“What is a henge?” asks Henry (5) as we drive to Stonehenge in Wiltshire.
Not long after we arrive we discover that it is in fact a circular enclosure. That’s what is great about days out like this, you learn something and there is plenty more to pick up during the day.
It is a World Heritage Site and so it is popular compared to other English Heritage sites. There’s an interesting exhibition about these 4,500 year old stones and what visitors like William Wordsworth and Thomas Hardy thought. “Pile of Stone-henge! So proud to hint yet keep thy secrets,” wrote William Wordsworth in 1794. “A very Temple of the winds,” added Thomas Hardy in 1891.
The thing about Stonehenge is that nobody really knows why it was built. Was it worship the sun in the winter and summer, was it a means of border control or was it just a bit of fun? But as with all good ideas it was modified over time to give us what stands today. Stones erode and so some have been removed. “When I was young I visited Stonehenge and climbed all over the stones but you can’t do that these days,” one of our neighbours informed us before our journey. Yes, this is true but you can still get pretty close.
We enjoy a walk across fields to get to the magnificent site; a chance to ponder how the stones got to this destination. To think that all these thousands of years ago people calculated exactly where the sun would rise and actually moved such enormous rocks into position is quite incredible. We would struggle to do this today with all our technology and machinery.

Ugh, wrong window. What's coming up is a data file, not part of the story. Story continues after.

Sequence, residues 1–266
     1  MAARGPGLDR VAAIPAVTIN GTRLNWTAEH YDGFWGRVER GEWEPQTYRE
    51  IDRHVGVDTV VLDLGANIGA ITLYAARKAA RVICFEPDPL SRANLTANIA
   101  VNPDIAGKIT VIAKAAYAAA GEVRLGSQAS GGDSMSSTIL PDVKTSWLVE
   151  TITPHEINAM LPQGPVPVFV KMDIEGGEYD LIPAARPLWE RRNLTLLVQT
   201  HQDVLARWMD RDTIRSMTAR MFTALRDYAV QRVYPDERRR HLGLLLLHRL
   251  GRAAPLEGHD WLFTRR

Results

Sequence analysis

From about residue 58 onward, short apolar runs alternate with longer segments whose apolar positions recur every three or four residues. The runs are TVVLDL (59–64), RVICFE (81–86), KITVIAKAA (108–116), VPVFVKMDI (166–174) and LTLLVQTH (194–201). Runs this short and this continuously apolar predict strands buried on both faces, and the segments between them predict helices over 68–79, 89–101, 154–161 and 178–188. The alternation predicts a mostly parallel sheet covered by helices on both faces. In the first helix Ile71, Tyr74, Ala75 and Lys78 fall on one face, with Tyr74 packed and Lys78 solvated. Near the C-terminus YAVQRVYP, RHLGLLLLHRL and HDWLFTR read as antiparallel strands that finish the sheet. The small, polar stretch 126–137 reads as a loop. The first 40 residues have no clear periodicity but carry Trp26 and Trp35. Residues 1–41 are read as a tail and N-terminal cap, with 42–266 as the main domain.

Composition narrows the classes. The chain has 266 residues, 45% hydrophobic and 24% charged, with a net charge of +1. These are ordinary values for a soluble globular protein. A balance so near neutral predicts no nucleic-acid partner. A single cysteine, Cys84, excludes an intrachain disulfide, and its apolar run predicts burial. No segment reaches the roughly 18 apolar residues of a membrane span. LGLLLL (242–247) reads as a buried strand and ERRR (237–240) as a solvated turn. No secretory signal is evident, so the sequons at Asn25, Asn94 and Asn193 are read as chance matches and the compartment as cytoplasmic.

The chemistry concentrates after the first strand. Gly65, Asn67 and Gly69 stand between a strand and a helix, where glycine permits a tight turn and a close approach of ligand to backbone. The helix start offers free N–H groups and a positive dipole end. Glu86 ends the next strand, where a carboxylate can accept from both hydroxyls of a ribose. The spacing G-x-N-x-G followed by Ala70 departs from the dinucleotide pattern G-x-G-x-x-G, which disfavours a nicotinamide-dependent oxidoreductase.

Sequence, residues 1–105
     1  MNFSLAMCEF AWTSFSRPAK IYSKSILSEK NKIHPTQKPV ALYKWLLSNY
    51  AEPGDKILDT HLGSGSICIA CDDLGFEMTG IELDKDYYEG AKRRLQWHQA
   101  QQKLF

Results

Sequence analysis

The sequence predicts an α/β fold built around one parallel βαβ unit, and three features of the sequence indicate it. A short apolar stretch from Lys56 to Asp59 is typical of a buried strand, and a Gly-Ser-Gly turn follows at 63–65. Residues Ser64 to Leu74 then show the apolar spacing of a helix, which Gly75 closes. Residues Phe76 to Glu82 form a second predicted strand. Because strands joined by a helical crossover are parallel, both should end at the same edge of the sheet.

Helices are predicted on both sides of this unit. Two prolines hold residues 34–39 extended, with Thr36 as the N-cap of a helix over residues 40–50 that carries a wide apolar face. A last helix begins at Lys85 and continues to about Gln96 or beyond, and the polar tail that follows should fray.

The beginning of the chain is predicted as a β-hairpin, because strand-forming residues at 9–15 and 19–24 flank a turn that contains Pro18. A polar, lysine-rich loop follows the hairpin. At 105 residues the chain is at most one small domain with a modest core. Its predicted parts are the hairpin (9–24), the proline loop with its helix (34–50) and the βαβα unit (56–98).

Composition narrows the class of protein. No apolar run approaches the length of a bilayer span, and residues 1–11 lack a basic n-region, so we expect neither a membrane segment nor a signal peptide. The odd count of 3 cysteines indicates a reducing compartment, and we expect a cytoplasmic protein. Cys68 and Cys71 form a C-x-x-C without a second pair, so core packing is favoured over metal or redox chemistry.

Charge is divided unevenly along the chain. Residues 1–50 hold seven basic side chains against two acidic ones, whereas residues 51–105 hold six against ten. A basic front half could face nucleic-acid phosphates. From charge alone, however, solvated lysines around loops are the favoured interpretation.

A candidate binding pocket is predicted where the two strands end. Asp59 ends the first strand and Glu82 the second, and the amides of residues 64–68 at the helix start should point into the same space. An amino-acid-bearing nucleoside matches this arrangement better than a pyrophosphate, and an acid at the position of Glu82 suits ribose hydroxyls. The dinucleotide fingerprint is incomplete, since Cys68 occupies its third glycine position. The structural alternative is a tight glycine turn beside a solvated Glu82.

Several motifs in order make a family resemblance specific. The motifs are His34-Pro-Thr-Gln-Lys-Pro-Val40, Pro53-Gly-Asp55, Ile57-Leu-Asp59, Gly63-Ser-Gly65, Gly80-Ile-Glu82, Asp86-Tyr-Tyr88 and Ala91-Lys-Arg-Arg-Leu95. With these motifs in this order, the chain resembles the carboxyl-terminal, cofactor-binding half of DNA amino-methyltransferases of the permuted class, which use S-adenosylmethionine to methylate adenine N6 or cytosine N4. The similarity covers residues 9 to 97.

There are two types of stone used here: sarsens; a hard sandstone and bluestone; a volcanic rock.
It is awe inspiring to stand before such an age old structure. That it welcomes a million visitors a year is quite something but imagine how many must have visited since it was first fenced off in 1901. As we enjoy a carefree stroll we can’t help imagining how the rocks were transported here, from as far away as Wales, too. Despite the difficulties associated with international travel Japanese, American and German tourists walk past us and it is a pleasure to hear their conversations even if we can’t understand them.
We are able to picnic in the presence of the Neolithic stones, which gives us chance to contemplate a little. We discover that in the Bronze Age burial mounds were built nearby. As we munch it becomes clear that jackdaws, rooks and crows are plentiful here and even tame; one of the English Heritage staff feeds them and a rook lands on her hand. We also see some delightful little starlings and even a hare, which the children adore because it reminds them of their pet rabbits, Sorbet and Brulee.
Back at the visitor centre there is a chance for the children to try their hand at being archaeologists where they unearth a skeleton and shoes and they create a story about the person. We also get chance to explore the types of houses that the henge builders might have lived in. The small doors, just fine for the children, remind us of how tiny our ancestors were.
All in all a hugely enriching day out that truly inspires the whole family.
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